The Samsung Galaxy S3 takes the “kitchen sink” approach to features, shoving in everything it can manage. Motion controller options are evidence of quite how far this extends. You can flick between home screens by flicking the phone left and right, and that's just the beginning. There are bundles of options here, from zooming in and out of web pages by tilting the phone up and down to being able to take a screengrab by wiping the side of your hand across the screen. Check out the full list in the Motion submenu in Settings.
5. Don’t forget folders
To make effective use of your home screens, you need to think about using folders, which store app shortcuts. To make one, just hold a finger down on an app shortcut and drag it onto another app shortcut.
6. Quick search bar access
The quickest way to perform a quick web search on the Samsung Galaxy S3 when on a home screen is by using a dedicated gestural shortcut. Hold down the Menu soft key for around two seconds and you’ll be taken directly to a Google search bar.
7. Customise your lock screens
The custom lock screen of the Samsung Galaxy S3 features a row of icons that can be used to take you directly to any app. By default, the lock screen houses the phone caller, SMS hub, S Voice app and the camera. There’s a dedicated Lock Screen submenu in Settings that lets you define your own shortcuts.
8. Face unlock – it ain’t magic
Here’s a pro tip – if you want to keep your phone secure, Face Unlock isn’t the way to do it. Face Unlock recognises the geometry of your face to unlock the Samsung Galaxy S3 without any fingers needed. It’s more of a fun feature rather than a hardcore security measure, and someone that looks a bit like you may well be able to unlock your phone. Heck, even a picture of you will do it.
9. You can gesture type, like Swype
The Samsung Galaxy S3 features its own Samsung virtual keyboard. One of the neat extras it offers is gesture typing, which lets you drag a path over the letters in words rather than tapping them one-by-one. Many people find it much faster than standard typing, and with a good corrections algorithm it’s arguably more accurate too. Swipe-y typing is enabled in the keyboard menu, under the heading continuous input.
10. You can have up to seven home screens
Samsung gives you control over how many home screens there are in your Galaxy S3. To add or delete home screens, head to a home screen and use the pinch gesture to zoom out and see the whole roster of screens. From there you’ll be able to add additional ones, or drag existing ones into the virtual dustbin.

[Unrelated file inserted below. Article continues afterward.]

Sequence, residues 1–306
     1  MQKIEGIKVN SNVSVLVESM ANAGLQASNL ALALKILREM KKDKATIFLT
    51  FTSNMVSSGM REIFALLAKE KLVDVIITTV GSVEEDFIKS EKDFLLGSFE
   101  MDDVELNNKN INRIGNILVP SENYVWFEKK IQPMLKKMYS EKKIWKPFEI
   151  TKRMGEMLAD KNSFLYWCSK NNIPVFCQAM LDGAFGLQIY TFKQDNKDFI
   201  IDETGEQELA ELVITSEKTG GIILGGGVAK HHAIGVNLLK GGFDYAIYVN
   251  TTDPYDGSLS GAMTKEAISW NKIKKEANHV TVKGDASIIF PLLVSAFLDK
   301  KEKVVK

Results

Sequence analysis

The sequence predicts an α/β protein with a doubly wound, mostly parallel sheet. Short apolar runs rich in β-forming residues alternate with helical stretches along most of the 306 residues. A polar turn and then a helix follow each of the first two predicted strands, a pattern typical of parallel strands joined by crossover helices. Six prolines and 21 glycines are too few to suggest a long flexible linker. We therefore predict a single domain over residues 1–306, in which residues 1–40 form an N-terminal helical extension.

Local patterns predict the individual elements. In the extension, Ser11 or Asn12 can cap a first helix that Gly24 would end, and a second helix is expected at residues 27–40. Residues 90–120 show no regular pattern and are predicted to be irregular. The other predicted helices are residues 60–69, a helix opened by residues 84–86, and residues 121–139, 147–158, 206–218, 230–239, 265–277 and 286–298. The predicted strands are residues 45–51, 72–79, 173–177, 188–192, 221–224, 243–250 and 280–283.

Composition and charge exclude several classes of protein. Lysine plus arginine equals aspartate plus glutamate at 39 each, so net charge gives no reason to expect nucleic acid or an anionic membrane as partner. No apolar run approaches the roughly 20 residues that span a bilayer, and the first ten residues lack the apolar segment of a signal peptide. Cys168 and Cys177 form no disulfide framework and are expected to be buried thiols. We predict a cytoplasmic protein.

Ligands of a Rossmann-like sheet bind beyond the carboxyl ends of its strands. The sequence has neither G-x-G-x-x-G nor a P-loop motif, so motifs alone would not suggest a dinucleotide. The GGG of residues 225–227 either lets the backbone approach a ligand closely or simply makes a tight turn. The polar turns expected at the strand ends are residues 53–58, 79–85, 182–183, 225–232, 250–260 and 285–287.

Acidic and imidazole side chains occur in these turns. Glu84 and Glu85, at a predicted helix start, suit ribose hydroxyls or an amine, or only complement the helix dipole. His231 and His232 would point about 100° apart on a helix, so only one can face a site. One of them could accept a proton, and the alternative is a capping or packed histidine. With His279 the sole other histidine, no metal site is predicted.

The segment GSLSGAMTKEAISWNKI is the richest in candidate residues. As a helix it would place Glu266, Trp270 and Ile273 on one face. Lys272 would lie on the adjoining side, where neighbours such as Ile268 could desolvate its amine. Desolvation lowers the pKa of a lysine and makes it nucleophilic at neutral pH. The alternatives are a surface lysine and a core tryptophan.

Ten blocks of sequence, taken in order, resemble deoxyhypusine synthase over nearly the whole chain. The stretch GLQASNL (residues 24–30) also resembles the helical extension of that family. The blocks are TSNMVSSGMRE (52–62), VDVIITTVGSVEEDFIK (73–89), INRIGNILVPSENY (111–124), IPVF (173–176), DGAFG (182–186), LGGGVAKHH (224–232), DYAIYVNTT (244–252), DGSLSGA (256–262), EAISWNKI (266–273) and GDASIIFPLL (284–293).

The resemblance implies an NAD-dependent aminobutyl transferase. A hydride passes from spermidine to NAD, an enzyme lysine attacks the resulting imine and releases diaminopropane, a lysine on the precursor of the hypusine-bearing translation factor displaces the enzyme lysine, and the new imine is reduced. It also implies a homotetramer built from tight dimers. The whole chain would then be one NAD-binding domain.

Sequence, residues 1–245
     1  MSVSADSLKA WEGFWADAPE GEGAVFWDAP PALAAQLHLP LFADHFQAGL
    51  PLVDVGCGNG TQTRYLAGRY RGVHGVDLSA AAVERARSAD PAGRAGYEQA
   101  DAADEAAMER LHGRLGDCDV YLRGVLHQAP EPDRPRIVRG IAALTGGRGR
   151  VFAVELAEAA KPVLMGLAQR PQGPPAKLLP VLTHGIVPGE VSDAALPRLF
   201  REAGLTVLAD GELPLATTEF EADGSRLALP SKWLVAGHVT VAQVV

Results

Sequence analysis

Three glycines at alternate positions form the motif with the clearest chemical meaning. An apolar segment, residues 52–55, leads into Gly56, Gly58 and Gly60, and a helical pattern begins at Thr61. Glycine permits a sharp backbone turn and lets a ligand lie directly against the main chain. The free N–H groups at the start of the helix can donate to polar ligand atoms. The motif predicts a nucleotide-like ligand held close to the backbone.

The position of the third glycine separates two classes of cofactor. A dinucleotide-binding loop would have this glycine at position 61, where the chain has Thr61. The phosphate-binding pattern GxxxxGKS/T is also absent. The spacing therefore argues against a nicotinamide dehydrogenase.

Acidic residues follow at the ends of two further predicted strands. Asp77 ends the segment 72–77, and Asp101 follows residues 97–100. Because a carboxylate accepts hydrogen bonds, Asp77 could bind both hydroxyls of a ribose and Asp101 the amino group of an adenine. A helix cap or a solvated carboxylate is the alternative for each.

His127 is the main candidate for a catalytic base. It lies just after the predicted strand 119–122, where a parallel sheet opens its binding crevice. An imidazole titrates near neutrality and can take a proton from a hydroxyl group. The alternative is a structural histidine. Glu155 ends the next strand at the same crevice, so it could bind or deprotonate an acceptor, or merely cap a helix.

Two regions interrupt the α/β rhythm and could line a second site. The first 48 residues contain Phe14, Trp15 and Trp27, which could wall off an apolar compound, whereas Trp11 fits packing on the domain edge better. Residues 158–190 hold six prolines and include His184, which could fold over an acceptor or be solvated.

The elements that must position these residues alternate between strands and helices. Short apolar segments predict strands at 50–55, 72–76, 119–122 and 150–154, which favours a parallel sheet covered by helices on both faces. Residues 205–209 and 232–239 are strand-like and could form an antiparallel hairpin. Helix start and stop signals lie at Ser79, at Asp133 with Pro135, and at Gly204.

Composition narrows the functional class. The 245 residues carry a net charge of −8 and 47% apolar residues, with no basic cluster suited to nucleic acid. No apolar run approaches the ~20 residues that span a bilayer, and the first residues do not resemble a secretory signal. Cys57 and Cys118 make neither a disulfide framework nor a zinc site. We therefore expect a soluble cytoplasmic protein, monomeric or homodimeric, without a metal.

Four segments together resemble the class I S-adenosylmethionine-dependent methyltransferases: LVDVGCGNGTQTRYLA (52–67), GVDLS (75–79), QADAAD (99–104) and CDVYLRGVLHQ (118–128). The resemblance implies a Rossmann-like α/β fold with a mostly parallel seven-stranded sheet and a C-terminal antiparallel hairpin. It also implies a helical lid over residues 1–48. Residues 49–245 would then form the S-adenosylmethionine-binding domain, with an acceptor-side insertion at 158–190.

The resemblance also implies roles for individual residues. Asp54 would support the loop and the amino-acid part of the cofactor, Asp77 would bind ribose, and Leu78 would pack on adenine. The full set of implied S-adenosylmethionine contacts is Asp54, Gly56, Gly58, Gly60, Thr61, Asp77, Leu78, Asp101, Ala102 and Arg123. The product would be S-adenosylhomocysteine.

Calling11. Contacts book touchscreen gestures
From within the Contacts book, you can call and text people directly using touchscreen gestures. A right-to-left swipe across a contact entry will message them, and a left-to-right swipe will call them. It’s a lot quicker than tapping on their entry and then tapping again on their phone number.
12. Install Facebook and Twitter for quickie contact-gathering
The Samsung Galaxy S3 is a fantastic social networking tool, but you can make your social apps work for you too. Install the Facebook and Twitter apps and you can use your friends and followers lists to pull contacts into your phone’s Contacts book.
13. Avoid people with block mode
If you’re just a little too good at making friends and influencing people, you may want to check out the block mode. This lets you control the sorts of notifications, calls and alerts you get at certain times of the day. The most obvious use is to stop people from ringing you while you’re asleep. The Samsung Galaxy S3 also lets you keep up a list of “approved” contacts that can get through at all times. You’ll find the blocking option in the Settings menu.
Battery life14. Make use of notification bar settings options
The quickest way to increase battery life is to manage the connections that the Samsung Galaxy S3 uses. 3G is one of the biggest drains on a smartphone’s battery, cutting stamina from several days to a day and a half. The pull-down notifications bar lets you turn off connections within a screen tap or two. Connections we recommend managing include Bluetooth, 3G, Wi-Fi and GPS.